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The U.S. Fish and Wildlife Service’s (USFWS) decision support framework for conservation introductions (framework) aims to foster inclusive, transparent, and defensible decision making about when to use conservation introductions as a strategy for preventing species extirpation or extinction, re-establishing an ecological function lost through extinction, or directing ecosystem change toward a state that better supports conservation goals. The framework is being developed for use by the USFWS in Hawaii, Idaho, Oregon, Washington, American Samoa, Commonwealth of the Northern Mariana Islands, Guam, Federated States of Micronesia, the Republic of Palau and the Republic of the Marshall Islands. A wide range of partners...
On May 1, 2023, the U.S. Fish and Wildlife Service released a draft version of the USFWS Decision Support Framework for Conservation Introductions in the Pacific Region. As a step in reviewing this draft, the 46 federally recognized Native American Tribes in the Pacific Region were invited to attend a stand-alone session led by USFWS (not under this contract). Additionally, 125 agency, university and NGO members in the Pacific Northwest (Idaho, Oregon, Washington) and over 250 individuals from the Pacific Island state (Hawaiʻi), territories (American Samoa, Guam, Commonwealth of the Northern Mariana Islands) and Freely Associated States (Republic of the Marshall Islands, Palau, Federated States of Micronesia) were...
Fragmentation of climate change management authorities, as well as overlapping mandates between agencies, is common. This poses a particular challenge when it comes to preparing for climate change. Increasing the integration of adaptation strategies across departments will help climate change preparation work as it goes forward. Key opportunities for engagement on climate change preparations in U.S. Affiliated Pacific Islands are recommended below according to sector. For each opportunity, important government offices for engagement are provided in Chapter 8. Zoning and Land-Use Management Forest and Watershed Management Coral Reef and Marine Systems Management Outreach and Education Renewable Energy and Energy...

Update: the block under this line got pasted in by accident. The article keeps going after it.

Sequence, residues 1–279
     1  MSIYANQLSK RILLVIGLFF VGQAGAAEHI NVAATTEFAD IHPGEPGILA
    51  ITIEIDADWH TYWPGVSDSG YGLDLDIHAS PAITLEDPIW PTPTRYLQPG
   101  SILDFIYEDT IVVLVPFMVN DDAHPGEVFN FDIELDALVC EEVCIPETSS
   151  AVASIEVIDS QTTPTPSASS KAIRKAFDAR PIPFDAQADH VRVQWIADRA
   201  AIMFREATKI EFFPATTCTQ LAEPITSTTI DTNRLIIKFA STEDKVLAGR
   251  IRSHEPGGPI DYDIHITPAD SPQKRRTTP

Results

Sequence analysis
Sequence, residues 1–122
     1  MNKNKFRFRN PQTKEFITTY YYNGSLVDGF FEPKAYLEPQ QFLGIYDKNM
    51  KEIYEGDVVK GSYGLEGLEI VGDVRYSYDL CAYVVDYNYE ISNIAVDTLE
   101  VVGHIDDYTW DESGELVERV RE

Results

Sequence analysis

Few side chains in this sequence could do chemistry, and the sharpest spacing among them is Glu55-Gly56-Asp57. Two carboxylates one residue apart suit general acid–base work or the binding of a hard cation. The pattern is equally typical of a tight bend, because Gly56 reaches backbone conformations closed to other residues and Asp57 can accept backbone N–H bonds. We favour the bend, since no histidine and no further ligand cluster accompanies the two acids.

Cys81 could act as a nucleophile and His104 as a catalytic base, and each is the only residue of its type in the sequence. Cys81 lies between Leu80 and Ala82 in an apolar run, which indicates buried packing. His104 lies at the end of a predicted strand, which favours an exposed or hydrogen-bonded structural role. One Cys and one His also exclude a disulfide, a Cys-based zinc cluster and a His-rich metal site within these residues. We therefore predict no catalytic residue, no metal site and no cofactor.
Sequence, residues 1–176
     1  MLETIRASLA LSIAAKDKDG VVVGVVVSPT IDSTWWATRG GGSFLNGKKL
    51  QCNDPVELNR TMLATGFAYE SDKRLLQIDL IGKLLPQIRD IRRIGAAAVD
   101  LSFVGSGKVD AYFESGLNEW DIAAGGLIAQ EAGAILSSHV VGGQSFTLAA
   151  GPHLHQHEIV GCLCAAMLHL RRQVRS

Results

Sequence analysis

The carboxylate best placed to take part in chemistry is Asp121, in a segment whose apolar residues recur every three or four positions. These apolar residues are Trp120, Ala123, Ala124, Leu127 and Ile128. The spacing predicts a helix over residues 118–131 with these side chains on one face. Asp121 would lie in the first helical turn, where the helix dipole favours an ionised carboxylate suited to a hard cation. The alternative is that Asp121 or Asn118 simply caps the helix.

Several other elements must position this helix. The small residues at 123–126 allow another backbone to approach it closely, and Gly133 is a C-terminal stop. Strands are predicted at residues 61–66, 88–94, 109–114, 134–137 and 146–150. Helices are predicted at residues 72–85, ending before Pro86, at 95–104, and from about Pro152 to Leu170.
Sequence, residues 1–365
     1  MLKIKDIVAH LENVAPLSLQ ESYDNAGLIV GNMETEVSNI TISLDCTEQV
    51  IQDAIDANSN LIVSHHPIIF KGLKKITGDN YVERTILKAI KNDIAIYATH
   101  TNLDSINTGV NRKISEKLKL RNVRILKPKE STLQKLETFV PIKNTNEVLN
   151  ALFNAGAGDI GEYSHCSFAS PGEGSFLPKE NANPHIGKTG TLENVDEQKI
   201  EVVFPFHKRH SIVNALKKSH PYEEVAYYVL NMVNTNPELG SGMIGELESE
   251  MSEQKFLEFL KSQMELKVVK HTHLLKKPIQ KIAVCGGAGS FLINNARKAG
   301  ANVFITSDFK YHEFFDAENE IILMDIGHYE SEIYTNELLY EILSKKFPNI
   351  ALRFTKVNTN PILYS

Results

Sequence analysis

From 2020-2021, the U.S. Fish and Wildlife Service (USFWS) partnered with U.S. Geological Survey (USGS) to design a qualitative research study that would describe the perceptions of USFWS personnel in the Pacific Region across many aspects of conservation introductions so that the USFWS could use this information in the planning and development of an internal decision-support framework for conservation introductions in the Pacific Region. The resulting report found that, overall, USFWS employees feel that conservation introductions is a necessary tool that will be indispensable in certain situations, but also feel that there is more risk associated with this conservation management approach than more traditional...
On May 3-4, 20221, 107 people participated in an online workshop sponsored by the US Fish and Wildlife Service (FWS) to discuss important considerations the FWS should take into account when making decisions on conservation introductions (CI). The geographic scope of the workshop included Hawaiʻi, American Sāmoa, Guam, Commonwealth of the Northern Mariana Islands, Federated States of Micronesia, Republic of Palau, and the Republic of the Marshall Islands.CI are translocations of populations or species outside their known historical distributions for conservation purposes. Most frequently this action is considered when an endangered species is viewed as unable to recover within its known historical range (assisted...